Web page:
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Portrait of Canadian Author Tom Rachman in London while promoting his new book The Imperfectionists. (Randy Quan For The Globe and Mail)
Portrait of Canadian Author Tom Rachman in London while promoting his new book The Imperfectionists. (Randy Quan For The Globe and Mail)

The Imperfectionists to get small-screen BBC treatment Add to ...

Brad Pitt is no longer involved, but Vancouver-raised novelist Tom Rachman still has a screen deal for his smash debut effort, The Imperfectionists. Pitt’s production company, Plan B, optioned the rights to the critically heralded story about a group of journalists when it became an international bestseller and made the Scotiabank Giller Prize long list in 2010. Now, as Rachman promotes his equally raved-about second book, The Rise and Fall of Great Powers, he says Pitt’s company wrote a screenplay for the first novel but “decided it didn’t work as a film.”

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“The script that they did, they cut it down to three characters essentially out of all of them, so it just didn’t really have enough of the original in it and so it didn’t go forward,” the 39-year-old said. “But it’s now being worked up as a television series, and it’s being done by BBC Worldwide. The earliest embryonic idea for it is that it would be one episode per chapter so that it would adhere much more strictly to the way that the book unfolded.”

As for the newly released The Rise and Fall of Great Powers, Rachman said the film industry hasn’t come knocking yet. But the reviews could change that. The New York Times calls the novel “ingenious,” and the Times of London declares it “mesmerizing” and Vanity Fair says it’s “ingeniously orchestrated.”

The richly layered story moves back and forth in time as it follows Tooly Zylberberg in three stages of her life: as a curious child in Bangkok in 1988, a scheming young woman in New York in 1999 and a 30-something owner of a struggling used bookstore in Wales in 2011.

Tooly’s peripatetic past is a mystery, even to her, but the haze begins to lift after an ex-boyfriend contacts her via Facebook to let her know the man he assumes is her father is ailing.

As she goes to the U.S. to connect with her ex and her supposed dad (a chess/literature enthusiast with a Russian accent), readers learn of other characters from her past, including a con artist from a commune in British Columbia and a charming woman who pops in and out of her life.

Rachman – who was born in London, raised in Vancouver since age seven and has worked as a journalist in several other cities around the world – said his itinerant experiences influenced the themes he wanted to explore as he wrote his “Dickensian-type heroine” who feels detached from her own period.

“I’m interested in people who feel somewhat internationally mixed up, people who are from various different cultures and aren’t really sure exactly where they fit. It’s a sort of maybe modern-day feeling of being an outsider.”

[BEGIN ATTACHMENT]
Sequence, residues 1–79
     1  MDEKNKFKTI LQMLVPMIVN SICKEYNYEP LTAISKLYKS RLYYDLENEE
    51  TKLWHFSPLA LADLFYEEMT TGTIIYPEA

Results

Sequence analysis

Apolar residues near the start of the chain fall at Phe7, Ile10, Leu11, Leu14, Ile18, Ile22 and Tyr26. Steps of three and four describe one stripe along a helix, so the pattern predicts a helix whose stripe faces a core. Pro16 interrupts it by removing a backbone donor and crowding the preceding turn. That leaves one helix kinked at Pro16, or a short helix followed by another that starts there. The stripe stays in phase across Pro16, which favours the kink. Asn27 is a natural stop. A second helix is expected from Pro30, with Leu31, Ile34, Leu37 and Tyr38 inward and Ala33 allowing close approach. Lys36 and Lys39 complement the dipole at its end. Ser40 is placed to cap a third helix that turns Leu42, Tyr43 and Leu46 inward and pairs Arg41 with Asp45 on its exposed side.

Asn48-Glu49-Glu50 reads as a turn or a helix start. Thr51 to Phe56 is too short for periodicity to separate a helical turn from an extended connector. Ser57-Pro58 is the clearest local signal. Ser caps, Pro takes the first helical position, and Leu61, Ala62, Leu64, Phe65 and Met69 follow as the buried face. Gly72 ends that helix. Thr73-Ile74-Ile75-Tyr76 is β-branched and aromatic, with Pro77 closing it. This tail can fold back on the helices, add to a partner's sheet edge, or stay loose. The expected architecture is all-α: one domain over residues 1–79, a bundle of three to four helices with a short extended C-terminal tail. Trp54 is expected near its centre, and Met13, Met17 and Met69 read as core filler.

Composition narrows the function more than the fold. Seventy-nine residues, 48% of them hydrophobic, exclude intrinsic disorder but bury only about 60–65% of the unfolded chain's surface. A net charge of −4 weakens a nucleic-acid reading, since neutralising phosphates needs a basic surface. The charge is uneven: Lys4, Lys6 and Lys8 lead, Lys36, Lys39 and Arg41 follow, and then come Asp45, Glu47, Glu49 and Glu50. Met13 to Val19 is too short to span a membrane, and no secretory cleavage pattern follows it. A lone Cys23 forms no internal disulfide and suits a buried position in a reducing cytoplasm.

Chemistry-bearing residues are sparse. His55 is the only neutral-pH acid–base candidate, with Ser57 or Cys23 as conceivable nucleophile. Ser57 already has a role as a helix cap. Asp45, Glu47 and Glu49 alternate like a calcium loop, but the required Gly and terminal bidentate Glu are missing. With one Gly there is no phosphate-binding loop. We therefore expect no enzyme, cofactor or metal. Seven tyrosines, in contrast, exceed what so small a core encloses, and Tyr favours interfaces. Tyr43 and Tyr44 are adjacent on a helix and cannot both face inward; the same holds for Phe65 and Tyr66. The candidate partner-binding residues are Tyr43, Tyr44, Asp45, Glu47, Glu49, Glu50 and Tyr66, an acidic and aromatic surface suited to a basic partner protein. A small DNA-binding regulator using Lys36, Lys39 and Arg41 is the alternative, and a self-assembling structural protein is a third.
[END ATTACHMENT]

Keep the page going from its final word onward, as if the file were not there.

“I think now with more people flung all around the world than ever and so many more relationships where people are with people from different cultures and they have kids in a third culture and so forth, increasingly there are people who … are not really certain where in the world they fit, and that’s an experience that I’ve had at various points,” he added.

All of which raised the question for the London-based scribe with the English/Canadian accent during the writing process: “If you’re not the product in some degree of your context, then what are you the product of? Where do you come from, what makes you?”

“If you’d been born in a different country, would you be the same?” said Rachman, who studied at the University of Toronto and the Columbia School of Journalism in New York.

“Is there a kind of essential you that would exist wherever you were, even if it was a different time period and so forth?”

Like The Imperfectionists captured the struggling state of the newspaper world, the new novel reflects on issues facing the book industry. Rachman said he thinks books have a better future than newspapers because they’re objects readers desire to keep as a record of different points of their lives.

“In this novel all of these characters are constantly changing just as every one of us is, but the book remains for them – and is for me as well – a point of stability, something that both forms you but also remains a constant that you can intersect with at various points in your life.

“You change but the text stays the same.”

Rachman said he started writing The Rise and Fall of Great Powers after the completion of The Imperfectionists but before its publication, so he was never affected by the pressures that sometimes come with crafting a sophomore effort.

And he’s already writing a third novel as he anticipates serving as an executive producer on The Imperfectionists TV project.

“That’s what they’ve said that I would be, and as I understand it that would mean that I would be a consultant and probably look over the scripts and things like that and be in contact with the script writer. But I think that my involvement would be determined by a number of different things, including how much they wanted me to be involved, how much I wanted to be involved, and that’s all to be determined, because it’s quite an early stage.”

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